Social Isolation

The divide can lead to social isolation. People without the internet are cut off from communication and information easily accessible to others. 

Limits Job Opportunities

The digital divide has a significant effect on the workplace. In today’s job market, increased computer skill levels are a prerequisite. However, the demand for these skills creates unfairness in society and limits opportunities for those who don’t have them. 

For example, many job applications are online, so you’re already at a disadvantage if you don’t have internet access. In addition, having the money to have a computer with a webcam and high-speed internet to work from home on zoom calls presents a barrier to entry. 

Impacts education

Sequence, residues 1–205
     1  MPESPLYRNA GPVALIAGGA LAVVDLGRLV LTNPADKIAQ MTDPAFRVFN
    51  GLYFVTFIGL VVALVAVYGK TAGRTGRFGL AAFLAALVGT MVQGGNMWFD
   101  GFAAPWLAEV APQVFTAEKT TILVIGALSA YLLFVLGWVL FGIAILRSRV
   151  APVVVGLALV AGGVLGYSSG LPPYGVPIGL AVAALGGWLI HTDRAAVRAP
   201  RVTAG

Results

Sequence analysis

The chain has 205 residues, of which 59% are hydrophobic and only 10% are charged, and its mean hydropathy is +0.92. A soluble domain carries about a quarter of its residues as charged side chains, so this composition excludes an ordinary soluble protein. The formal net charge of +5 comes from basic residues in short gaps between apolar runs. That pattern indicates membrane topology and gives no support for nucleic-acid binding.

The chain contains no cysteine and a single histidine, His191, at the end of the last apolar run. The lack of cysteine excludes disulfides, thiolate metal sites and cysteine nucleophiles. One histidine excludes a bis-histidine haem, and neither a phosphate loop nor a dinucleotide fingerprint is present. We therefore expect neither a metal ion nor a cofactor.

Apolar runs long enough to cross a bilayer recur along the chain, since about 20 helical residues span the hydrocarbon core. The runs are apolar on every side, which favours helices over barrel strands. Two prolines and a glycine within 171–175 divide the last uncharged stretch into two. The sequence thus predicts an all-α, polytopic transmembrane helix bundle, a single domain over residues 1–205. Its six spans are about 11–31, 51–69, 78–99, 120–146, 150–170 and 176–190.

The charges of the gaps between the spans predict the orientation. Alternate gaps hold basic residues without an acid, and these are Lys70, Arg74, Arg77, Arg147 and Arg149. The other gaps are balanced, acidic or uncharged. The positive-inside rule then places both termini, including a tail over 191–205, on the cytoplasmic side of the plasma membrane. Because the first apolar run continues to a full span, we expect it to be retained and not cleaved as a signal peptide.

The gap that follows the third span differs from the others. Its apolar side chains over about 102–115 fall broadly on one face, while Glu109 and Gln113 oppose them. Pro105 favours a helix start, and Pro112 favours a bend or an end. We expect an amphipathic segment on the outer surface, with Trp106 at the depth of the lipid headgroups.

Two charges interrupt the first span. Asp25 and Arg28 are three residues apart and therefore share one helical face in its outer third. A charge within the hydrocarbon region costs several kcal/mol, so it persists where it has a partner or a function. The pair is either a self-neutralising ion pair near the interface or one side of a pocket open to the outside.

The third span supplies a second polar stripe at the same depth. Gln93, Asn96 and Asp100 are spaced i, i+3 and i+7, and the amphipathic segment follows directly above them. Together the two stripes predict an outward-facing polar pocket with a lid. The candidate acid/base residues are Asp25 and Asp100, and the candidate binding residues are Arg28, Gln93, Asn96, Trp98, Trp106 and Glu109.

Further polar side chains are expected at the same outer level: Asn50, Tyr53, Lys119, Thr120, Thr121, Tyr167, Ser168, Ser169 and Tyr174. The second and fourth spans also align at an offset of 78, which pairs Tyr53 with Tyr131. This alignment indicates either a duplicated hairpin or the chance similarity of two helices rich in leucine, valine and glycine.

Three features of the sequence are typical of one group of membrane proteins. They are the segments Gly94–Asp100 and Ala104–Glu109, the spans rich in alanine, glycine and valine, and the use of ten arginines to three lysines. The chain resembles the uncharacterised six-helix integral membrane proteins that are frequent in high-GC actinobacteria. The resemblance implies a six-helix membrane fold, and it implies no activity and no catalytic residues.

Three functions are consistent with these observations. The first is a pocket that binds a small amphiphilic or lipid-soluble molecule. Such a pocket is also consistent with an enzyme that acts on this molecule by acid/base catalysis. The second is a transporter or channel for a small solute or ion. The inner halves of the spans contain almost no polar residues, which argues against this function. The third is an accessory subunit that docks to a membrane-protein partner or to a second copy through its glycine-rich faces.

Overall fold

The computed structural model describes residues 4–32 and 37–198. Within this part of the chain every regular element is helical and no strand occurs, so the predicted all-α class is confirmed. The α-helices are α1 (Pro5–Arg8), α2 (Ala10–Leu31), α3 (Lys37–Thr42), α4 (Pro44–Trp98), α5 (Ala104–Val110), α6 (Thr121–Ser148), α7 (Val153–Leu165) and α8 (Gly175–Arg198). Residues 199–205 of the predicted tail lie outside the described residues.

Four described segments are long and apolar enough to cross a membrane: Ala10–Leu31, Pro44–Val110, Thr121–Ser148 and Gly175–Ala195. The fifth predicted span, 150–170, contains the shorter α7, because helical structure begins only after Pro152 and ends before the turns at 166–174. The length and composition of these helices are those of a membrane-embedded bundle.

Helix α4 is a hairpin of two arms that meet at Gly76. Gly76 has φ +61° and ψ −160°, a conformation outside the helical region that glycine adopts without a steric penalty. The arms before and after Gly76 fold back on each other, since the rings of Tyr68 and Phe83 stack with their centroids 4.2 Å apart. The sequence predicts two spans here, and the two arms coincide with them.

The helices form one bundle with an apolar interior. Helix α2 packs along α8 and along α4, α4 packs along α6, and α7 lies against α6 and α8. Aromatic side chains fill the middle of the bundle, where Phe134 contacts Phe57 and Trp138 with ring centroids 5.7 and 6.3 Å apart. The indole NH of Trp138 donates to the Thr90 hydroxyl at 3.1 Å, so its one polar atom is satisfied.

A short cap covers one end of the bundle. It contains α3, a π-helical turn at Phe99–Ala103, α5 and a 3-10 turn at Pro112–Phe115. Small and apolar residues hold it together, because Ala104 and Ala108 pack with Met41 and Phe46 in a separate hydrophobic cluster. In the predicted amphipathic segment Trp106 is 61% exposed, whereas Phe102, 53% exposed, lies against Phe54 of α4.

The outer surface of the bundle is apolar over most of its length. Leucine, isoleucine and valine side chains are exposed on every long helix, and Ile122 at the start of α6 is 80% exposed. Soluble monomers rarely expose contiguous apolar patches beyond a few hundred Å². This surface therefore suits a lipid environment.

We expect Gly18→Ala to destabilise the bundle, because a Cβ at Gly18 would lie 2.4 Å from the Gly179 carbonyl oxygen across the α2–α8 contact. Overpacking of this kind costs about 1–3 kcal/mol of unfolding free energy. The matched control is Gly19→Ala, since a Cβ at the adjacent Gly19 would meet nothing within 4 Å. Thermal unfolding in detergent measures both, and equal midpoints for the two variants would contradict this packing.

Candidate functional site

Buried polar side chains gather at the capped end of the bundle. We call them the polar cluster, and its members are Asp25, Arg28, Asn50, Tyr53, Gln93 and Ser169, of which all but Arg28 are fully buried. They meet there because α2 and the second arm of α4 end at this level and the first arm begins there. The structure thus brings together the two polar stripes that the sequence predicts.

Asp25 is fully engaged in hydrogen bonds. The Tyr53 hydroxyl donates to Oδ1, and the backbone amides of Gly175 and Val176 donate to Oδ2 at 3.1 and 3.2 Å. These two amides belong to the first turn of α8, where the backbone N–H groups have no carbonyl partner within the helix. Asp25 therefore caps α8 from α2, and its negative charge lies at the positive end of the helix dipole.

25% of students lack an adequate internet connection. The lack of access became a glaringly obvious problem during the pandemic when kids across the country moved to virtual learning. Unfortunately, many homes were not set up with the equipment or internet services to make a move to online learning. However, that isn’t the only challenge. Many homework assignments now utilize the internet leaving kids behind who don’t have access. 

What is being done to close the digital divide?

At Race, we’re committed to closing the digital divide and ensuring everyone has access to the internet. We’re doing this by working with government, industry, and community partners to:

  • Increase access to affordable broadband
  • Improve digital literacy
  • Connect people in underserved communities

We know that we can’t close the digital divide alone, so we’re working with our partners. Here are some ways we are working together to bridge the divide. 

California Advanced Services Fund (CASF)